British Rail Class 424
The "Networker Classic" concept involved rebuilding Mark 1 design Southern Region EMUs of Classes 411, 421 and 423 to meet current crash-worthiness standards. This involved building a new bodyshell on the existing chassis, but keeping the original electrical and motor equipment. Therefore, the aim was to produce a 'new' unit at one quarter the cost of manufacturing a train from scratch. The rebuilt units would have had a life of at least fifteen years, thus saving considerable amounts of money when replacing old stock.
One vehicle, no. 76112 from 'Phase 1' 4Cig unit 1749 was rebuilt as a prototype in 1997. This saw the original Mark 1 bodyshell removed from the chassis, and replaced with a new one resembling the then brand new Turbostar installed in its place. It was displayed to the public at London Victoria, paired with unrebuilt DT 76747 from 4Big unit 2256, for comparison purposes. The converted vehicle had a total capacity of 77 passengers in Standard Class only; had the full 4-car unit undergone the same conversion, then it would have had capacity for up to 310 passengers.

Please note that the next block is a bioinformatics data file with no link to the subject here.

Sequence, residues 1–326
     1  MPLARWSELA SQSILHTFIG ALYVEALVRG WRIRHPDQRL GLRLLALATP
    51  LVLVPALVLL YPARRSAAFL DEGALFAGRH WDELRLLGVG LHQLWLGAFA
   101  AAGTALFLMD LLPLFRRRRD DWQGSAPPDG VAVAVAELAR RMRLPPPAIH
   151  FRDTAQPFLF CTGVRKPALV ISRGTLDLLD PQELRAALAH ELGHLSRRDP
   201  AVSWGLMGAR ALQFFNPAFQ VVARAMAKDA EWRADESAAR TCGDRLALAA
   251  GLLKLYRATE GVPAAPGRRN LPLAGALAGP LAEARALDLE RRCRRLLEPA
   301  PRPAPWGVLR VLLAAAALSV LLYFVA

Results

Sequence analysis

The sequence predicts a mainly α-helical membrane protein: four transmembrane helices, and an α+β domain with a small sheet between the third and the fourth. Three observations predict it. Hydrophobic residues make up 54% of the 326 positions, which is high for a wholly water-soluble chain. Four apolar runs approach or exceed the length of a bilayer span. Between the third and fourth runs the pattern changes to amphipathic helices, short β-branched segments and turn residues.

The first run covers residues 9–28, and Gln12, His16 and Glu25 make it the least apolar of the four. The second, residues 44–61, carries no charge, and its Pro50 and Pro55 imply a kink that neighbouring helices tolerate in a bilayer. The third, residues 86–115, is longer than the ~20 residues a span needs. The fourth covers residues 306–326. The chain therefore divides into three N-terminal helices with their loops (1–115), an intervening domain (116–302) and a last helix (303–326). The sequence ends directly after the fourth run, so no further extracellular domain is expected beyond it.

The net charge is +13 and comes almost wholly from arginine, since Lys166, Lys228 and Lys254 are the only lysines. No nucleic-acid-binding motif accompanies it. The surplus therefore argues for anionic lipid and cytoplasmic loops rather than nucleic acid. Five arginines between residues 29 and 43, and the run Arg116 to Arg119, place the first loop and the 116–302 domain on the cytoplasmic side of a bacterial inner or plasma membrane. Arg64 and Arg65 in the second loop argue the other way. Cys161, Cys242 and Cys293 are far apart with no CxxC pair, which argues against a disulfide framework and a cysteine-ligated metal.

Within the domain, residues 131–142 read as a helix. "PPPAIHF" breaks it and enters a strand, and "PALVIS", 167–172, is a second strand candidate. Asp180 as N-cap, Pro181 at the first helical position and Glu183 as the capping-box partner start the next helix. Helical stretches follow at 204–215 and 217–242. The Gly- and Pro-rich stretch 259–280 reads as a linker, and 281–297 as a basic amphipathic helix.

Rather than continue with this concept however, the train companies turned to new-build rolling stock, which saw the introduction of the Electrostar, Desiro and Juniper families from various manufacturers. As a result, the single Class 424 vehicle was stored at the Bombardier plant at Derby until 2012, when it was removed for disposal. The unrebuilt DT with which it was paired later became part of 4Cig unit 1399, which has since been preserved.
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- Pritchard, Robert (2012). "325 sent for scrap". Today's Railways. Platform 5 (125): 69.
- "Adtranz launches new 'Networker Classic' rebuild at Wembley show". RAIL. No. 318. EMAP Apex Publications. 19 November – 2 December 1997. pp. 6–7. ISSN 0953-4563. OCLC 49953699.